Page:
Tuesday, February 17th, just after 6am, my father died, six weeks before his 83rd birthday. His death came suddenly, as we were anxiously awaiting a complex surgery that might have alleviated some of the symptoms of his severe cervical and lumbar stenosis, which had rendered him nearly immobile over his last few months. He died peacefully, without pain, with his wife and my mother, Jane, my brother, Jim, and his wife, Molly, and myself by his side. Since March 2014, vertebral pressures on his spinal cord had caused him to lose much of the use of his left arm, and diminished his ability to walk. By the time of my visit home to Houston, Texas in December 2014, he could neither walk nor stand without assistance. His neurosurgeon had scheduled a cervical laminectomy for February 24th. Dad was optimistic about the skills of his surgeon, and hopeful that the results would allow him some relief from a life of immobility. He was fully cognizant of the risks of such surgery given his age and condition, and he saw it as the alternative to a certain life of advancing invalidism. Unfortunately, an infection, which eventually spread to his bloodstream, ended our hopes.
My father was trained as a geophysical engineer, with a scientist’s attention to detail and a stubborn precision in his everyday life. Today my friends often point out my affinity with his punctilious habits, and I am quietly proud to accept their comparisons. But in my younger days it was an outlook and discipline against which I rebelled mightily, and it became the source of frequent family conflicts. In high school I had been lucky enough to be accepted to the University of Cambridge, England for my undergraduate studies. I cherished the idea of being 5,000 miles away from his overbearing influence, in a culture far different from my Gulf Coast upbringing. In my first week at Churchill College, Cambridge, I attended our Fresher’s Dinner for new undergraduates, and was seated next to a gentleman whose place-card read “Professor Emeritus Sir Edward Bullard”. A former physics student of Ernest Rutherford in Cambridge’s Cavendish Laboratory, Bullard went on to found the discipline of marine geophysics, mapping the existing land masses of the earth into the hypothetical, original Pangaea land mass before continental drift and plate tectonics had become commonly accepted science.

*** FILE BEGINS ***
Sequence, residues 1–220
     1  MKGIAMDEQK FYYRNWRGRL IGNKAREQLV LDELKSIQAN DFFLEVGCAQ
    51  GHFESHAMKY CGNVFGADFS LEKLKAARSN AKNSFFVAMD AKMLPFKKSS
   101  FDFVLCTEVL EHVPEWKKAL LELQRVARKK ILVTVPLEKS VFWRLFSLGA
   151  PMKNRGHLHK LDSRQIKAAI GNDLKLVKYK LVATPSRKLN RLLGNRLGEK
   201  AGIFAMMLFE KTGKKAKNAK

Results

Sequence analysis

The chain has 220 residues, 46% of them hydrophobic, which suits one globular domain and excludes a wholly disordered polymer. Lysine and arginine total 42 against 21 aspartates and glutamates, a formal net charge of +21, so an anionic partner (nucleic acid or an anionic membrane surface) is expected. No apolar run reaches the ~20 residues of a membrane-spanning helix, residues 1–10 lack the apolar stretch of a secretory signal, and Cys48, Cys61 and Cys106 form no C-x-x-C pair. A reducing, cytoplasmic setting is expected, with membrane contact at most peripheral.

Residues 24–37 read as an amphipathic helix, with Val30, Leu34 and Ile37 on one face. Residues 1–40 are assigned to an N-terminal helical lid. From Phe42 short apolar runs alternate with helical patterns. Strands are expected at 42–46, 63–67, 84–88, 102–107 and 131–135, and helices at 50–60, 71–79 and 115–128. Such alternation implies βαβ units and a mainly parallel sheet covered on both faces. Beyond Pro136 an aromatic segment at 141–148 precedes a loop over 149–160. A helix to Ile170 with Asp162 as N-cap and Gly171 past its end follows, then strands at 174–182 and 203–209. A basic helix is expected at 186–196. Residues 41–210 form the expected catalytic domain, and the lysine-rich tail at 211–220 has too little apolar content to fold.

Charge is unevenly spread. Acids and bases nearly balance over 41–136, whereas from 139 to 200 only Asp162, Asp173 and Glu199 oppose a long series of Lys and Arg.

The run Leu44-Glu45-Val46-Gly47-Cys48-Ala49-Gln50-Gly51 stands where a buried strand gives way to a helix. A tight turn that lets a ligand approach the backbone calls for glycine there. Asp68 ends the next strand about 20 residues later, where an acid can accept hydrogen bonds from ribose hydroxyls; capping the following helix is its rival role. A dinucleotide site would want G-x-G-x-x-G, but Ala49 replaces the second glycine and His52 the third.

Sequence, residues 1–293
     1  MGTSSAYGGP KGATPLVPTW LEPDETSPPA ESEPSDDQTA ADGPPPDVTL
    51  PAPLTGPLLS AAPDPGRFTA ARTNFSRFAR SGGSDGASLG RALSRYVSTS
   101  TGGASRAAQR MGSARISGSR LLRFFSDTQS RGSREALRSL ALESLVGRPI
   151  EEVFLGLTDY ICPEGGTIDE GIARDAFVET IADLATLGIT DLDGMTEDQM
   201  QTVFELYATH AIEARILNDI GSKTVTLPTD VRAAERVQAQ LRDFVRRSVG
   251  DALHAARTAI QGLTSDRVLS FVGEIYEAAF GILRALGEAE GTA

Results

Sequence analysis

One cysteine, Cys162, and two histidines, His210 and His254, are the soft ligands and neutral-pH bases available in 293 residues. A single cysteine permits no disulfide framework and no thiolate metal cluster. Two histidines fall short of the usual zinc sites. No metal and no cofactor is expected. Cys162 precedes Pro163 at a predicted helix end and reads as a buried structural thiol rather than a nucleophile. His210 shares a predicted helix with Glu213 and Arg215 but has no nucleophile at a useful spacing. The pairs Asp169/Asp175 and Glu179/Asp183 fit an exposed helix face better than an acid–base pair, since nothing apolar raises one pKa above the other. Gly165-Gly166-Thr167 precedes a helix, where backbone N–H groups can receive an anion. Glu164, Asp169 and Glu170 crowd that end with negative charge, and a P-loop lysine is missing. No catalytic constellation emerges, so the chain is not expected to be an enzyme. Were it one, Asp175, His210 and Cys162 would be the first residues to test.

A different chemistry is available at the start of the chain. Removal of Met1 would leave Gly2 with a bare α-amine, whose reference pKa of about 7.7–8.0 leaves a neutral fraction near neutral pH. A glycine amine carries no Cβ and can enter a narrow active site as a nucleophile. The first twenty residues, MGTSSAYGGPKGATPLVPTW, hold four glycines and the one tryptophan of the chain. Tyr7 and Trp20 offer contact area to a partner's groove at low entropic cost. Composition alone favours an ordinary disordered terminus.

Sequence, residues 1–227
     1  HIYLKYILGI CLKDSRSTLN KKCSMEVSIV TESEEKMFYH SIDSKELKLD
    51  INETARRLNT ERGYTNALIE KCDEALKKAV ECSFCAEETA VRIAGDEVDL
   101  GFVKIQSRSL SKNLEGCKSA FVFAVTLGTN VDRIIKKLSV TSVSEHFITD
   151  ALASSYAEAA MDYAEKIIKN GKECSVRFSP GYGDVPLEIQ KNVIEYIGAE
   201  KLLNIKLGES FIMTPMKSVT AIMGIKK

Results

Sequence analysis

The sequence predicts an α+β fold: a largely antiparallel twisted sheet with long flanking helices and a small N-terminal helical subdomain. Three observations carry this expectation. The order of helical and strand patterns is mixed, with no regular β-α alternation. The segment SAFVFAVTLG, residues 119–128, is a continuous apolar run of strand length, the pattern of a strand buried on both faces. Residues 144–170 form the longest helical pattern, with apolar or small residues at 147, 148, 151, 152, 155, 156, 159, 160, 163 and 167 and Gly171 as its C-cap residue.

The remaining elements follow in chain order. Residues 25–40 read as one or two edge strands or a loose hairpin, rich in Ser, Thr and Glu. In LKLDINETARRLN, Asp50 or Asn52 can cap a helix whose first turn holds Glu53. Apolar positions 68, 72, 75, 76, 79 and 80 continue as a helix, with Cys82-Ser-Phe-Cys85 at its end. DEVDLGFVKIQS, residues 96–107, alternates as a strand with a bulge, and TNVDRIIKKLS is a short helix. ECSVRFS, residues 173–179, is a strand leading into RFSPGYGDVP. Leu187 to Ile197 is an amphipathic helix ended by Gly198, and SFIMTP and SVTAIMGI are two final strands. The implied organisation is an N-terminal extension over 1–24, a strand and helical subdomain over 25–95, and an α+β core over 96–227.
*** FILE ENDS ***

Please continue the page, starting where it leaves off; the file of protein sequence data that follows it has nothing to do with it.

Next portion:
It was my first experience of a full Cambridge dining celebration, complete with Vintage Port and Madeira making their opposing circumnavigations of our table. At dinner that evening, Professor Sir Edward Bullard examined my place setting, and asked, “Are you any relationship to Harry Hasenpflug, Jr.?”. Somewhat taken aback, I responded that if he was referring to the Shell Oil Company geophysicist from Houston, Texas of the same name, well then yes, I was his son. I asked the Professor how he knew my father, and he replied “Oh, I have never met him, but I use his books in my graduate student seminars.” I had left Texas to remove myself as far as possible from my father’s discipline and compulsive influences, yet he had arrived at Cambridge before me. I had never known that he had written books, much less that they were groundbreaking, seminal manuals in the application of computer science to oil exploration geophysics, proprietary research of Shell Oil Company. Humbled by this new revelation of my father’s talents, I phoned home to Texas from Cambridge (in 1973 at the rate of nearly £10 per minute), only to discover that my father was more concerned that the Professor might have purloined his writings from Shell rather than with the burgeoning pride I had felt in his preceding me intellectually into Cambridge’s historic halls. It would not be the first time that my father’s experiences had preceded my own.